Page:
Hi everybody. I need a help about prove. My question is

Let f,g: Z ->R where

f(n)= {2, for n even and 1,for n odd}

g(n) ={3,for n even and 4,for n odd}

Prove or disprove each of the following

a)

b)

Thank you for your attentions.

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- Nov 28th 2009, 02:05 AMnesibessProve problem
Hi everybody. I need a help about prove. My question is

Let f,g: Z ->R where

f(n)= {2, for n even and 1,for n odd}

g(n) ={3,for n even and 4,for n odd}

Prove or disprove each of the following

a)

b)

Thank you for your attentions. - Nov 28th 2009, 02:52 AMtonio
- Nov 28th 2009, 05:02 AMnesibess
- Nov 28th 2009, 05:42 AMHallsofIvy
What is the definition of "O(f)"?

- Nov 28th 2009, 06:19 AMtonio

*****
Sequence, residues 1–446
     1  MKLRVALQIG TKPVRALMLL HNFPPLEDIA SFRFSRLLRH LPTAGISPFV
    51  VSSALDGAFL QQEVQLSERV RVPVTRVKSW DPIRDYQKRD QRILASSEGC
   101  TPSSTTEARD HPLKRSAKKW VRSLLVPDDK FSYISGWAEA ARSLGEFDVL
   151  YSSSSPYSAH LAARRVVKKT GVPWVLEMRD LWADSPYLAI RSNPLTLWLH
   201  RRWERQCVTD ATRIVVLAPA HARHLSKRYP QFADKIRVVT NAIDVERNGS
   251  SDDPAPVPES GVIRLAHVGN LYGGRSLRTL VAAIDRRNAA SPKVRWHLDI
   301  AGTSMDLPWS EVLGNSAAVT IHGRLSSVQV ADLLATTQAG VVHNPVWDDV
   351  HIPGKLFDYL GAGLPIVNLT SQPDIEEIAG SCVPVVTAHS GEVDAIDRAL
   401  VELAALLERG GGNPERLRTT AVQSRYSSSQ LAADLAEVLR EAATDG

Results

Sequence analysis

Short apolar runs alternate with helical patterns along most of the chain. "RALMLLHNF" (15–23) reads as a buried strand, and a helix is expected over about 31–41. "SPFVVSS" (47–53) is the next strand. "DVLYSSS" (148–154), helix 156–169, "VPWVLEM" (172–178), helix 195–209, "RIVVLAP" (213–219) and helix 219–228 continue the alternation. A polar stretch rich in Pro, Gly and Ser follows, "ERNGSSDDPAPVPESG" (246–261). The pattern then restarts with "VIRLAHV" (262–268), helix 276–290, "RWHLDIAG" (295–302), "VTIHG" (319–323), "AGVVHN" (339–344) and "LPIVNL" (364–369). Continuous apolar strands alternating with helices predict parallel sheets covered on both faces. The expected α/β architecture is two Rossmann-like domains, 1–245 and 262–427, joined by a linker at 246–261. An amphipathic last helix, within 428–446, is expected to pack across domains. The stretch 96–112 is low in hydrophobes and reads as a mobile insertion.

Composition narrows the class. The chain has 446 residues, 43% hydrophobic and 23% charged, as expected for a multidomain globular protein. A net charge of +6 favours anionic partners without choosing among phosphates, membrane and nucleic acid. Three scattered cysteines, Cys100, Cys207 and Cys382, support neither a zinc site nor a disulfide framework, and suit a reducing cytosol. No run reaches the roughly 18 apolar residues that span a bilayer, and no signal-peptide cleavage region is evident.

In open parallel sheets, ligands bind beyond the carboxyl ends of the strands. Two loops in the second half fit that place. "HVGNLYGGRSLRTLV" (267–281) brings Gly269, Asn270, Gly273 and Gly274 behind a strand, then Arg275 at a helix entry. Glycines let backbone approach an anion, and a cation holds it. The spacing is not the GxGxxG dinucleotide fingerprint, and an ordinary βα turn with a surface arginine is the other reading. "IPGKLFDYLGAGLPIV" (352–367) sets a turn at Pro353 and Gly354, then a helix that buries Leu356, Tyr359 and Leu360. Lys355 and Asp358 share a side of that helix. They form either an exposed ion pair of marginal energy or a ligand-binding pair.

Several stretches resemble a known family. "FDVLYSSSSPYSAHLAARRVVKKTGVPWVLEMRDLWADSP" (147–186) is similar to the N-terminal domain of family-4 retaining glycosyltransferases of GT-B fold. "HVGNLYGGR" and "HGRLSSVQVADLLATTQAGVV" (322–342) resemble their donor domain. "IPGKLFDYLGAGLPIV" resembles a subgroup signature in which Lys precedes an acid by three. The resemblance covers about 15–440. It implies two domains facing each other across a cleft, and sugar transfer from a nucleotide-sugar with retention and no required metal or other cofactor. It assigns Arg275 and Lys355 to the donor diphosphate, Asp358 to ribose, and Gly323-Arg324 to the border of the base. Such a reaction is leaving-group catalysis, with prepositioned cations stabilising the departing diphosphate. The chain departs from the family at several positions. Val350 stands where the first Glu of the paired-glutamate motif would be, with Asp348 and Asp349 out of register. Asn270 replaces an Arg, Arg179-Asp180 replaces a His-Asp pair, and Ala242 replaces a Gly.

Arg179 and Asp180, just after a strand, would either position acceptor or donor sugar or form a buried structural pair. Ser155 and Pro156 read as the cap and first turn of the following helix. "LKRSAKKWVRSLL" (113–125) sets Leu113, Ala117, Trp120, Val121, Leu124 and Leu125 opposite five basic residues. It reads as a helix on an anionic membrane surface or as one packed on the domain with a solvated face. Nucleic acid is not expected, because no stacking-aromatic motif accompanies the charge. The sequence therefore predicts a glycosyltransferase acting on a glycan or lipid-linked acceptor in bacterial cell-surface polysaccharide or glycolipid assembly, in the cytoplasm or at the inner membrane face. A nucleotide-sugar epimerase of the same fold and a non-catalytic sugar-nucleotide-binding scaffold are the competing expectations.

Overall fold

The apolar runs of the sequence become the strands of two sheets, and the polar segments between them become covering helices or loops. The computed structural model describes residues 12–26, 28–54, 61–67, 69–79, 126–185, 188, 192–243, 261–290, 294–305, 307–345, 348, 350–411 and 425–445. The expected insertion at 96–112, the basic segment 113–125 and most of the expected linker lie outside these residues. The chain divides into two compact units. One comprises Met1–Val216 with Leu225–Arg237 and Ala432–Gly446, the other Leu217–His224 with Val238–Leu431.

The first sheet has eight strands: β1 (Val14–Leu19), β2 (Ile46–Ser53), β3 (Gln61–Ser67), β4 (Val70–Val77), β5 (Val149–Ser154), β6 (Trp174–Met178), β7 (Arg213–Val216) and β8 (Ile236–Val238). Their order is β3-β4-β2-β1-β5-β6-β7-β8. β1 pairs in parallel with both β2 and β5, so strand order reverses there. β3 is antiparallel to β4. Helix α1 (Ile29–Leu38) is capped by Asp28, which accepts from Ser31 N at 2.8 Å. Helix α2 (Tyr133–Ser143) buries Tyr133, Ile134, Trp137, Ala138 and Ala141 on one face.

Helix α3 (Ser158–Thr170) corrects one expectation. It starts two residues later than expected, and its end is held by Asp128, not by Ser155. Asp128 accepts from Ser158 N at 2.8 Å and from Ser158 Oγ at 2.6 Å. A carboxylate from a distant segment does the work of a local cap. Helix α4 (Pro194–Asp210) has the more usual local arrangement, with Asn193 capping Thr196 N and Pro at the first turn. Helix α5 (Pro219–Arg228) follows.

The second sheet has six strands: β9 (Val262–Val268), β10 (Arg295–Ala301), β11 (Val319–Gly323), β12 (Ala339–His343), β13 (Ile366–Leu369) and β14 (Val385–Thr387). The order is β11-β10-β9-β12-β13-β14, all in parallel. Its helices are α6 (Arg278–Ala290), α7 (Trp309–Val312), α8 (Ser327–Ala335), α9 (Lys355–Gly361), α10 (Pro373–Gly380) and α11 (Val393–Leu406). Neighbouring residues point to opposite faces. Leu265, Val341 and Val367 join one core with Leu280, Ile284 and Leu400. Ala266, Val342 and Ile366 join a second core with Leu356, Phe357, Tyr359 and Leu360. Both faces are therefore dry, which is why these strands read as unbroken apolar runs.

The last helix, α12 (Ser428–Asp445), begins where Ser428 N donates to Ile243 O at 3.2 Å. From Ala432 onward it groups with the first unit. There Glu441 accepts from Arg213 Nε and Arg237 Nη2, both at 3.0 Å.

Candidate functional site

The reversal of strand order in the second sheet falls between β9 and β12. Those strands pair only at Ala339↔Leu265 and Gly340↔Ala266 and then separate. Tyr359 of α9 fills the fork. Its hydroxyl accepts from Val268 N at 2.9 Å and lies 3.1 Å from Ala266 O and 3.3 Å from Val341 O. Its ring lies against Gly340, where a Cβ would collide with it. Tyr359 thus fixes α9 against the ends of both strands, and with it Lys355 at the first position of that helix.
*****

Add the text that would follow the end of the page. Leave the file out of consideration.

- Nov 28th 2009, 06:44 AMemakarov
Imagine that g(n) is your salary during the nth month and f(n) is the salary of the head of the company where you work. If f(n) is O(g(n)), then, even though your boss ma earn, say, between 2 and 100 more then you, this ratio stays within these limits as time goes. But when f(n) is not O(g(n)), it means that the ratio increases indefinitely with time. It does not have to increase monotonically. Say, for n=1, 2, 3, 4, 5, 6, 7, 8 ..., the ratio f(n)/g(n) can be 5, 50, 10, 60, 15, 70, 20, 80, ... etc. If this continues, this will lead to social tension, possibly strikes and all kinds of problems in the society.

In your case, since neither function grows indefinitely compared to the other, both are big-O of each other. - Nov 28th 2009, 06:56 AMnesibess
If I am wrong, Please tell me.

My solution is:

a) => f(n)<C.g(n) if n=even 2<C.3 OR if n=odd 1<C.4

b) => g(n)<C.f(n) if n=even 3<C.2 OR if n=odd 4<C.2

is it correct? or I don't know anything this topic is hard for me (Crying) Please help me - Nov 28th 2009, 07:33 AMtonio